That 22 mph cruising speed is still plenty fast for what the Escape is designed to do. Thanks to the Escape’s low center of gravity I was always stable and in control at higher speeds, resulting in an enjoyable and predictable ride experience overall.
The full suspension design also helped me stay confident and in control at higher speeds. I was impressed with how well the rear suspension worked, and I definitely noticed the traction it provided when cornering and riding offroad. I’ll dive deeper into the suspension and its design later in the review.
Here at Electric Bike Report we conduct what we call the range test in our review process.
The purpose of the range test is to get a good idea of the true maximum and minimum range these bikes provide. Lots of manufacturers have a “claimed range” shown on their website, but that usually doesn’t tell the full story or give the most accurate real world range. We test those claims by riding the bike until the battery dies in both the maximum and minimum assist levels.
The Himiway Escape we tested comes with a 48V, 14Ah battery pack that’s integrated nicely into the frame, but looks aren’t everything. So how did it perform?
I think our range test results for the Himiway Escape are respectable. When I rode the Escape in maximum assist it took 23.12 miles for the bike to finally die. Over the 23 mile span, I had an average speed of 17.4 mph.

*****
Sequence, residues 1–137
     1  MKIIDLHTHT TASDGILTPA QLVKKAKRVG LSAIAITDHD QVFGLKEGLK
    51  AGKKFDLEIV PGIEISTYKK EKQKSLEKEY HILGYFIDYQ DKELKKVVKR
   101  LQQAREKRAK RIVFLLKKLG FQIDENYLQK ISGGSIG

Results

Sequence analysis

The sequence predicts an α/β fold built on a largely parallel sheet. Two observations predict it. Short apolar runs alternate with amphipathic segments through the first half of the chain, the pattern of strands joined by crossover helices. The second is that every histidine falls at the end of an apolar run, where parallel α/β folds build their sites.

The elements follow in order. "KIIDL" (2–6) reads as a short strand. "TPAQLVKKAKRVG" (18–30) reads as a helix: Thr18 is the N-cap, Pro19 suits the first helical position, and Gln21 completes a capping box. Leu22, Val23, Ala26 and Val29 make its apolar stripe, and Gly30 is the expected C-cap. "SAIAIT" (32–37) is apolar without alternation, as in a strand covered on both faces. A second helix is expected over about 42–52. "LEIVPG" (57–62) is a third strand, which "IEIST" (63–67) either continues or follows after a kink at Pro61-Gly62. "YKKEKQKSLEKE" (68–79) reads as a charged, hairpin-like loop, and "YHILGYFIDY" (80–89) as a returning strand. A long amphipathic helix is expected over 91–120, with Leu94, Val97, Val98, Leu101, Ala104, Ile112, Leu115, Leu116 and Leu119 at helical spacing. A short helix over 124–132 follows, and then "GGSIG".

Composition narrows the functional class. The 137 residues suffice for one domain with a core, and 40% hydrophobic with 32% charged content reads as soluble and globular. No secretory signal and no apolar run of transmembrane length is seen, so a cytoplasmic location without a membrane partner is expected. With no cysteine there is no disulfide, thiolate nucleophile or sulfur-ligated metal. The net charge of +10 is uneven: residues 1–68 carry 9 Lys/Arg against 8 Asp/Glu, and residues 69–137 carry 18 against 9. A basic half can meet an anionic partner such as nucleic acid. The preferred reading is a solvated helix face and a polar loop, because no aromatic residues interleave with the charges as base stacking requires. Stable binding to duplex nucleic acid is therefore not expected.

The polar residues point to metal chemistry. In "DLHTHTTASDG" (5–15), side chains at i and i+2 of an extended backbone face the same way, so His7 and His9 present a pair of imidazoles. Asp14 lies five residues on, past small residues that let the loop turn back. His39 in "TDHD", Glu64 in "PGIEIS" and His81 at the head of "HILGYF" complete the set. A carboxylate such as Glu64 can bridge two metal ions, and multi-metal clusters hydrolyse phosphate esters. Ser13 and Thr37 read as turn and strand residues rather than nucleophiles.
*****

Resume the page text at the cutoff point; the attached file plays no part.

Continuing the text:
When our test rider rode the Escape in minimum assist it took 29.6 miles for the bike to finally die. He had an average speed of 10 mph.
You may have noticed or thought to yourself “the range for the lowest pedal assist setting should have been a lot farther than 29.6 miles” and you’re right; if I had been the one to do the test I guarantee it would have. I bring this up because our test rider for the minimum pedal assist range test is 6-foot 5-inches tall and weighs 220 lbs.
So if anything, I see the near-30 mile range as a victory for a rider that large; riders who are smaller than he is should have a longer range that’s closer to the claimed maximum range of 45 miles.
Here at Electric Bike Report we conduct a circuit test on a 1 mile loop that helps us better understand the difference between each pedal assistance level, and how large or small the jumps in between assistance levels are. We also test the bike turned completely off to get a better idea of how it pedals without any help from the motor.
Despite the Escape coming in at 93 lbs, it pedaled pretty good and I think a lot of that is the sheer amount of inertia it has when rolling.
The jumps between each assist level were pretty consistent and predictable. Pedal assist levels 1 and 2 didn’t have much of a change in average speed (only .9 mph) but I noticed a decent jump in power and speed when switching from pedal assist level 2 up to level 3. That jump was 2.2 mph, and that same trend of about 2 mph increases in speed continued throughout the remaining pedal assist levels 4 and 5.
When I rode around the circuit in pedal assist level 5 I had an average speed of 20.1 mph, just 1.9 mph off of the bikes top speed overall. Pedal assist level 5 is calibrated how every maximum pedal assist setting should be; near or at the top speed of the bike, and it definitely feels like the 750W motor is doing what it can to ensure that’s the case.
While the Escape doesn’t put you in the most optimal position for climbing steep hills, it makes up for it in its power and torque. The gear range also allowed me to continue pedaling when things got tough. Between the 7 gear range and the 750W motor you should be able to get up most hills.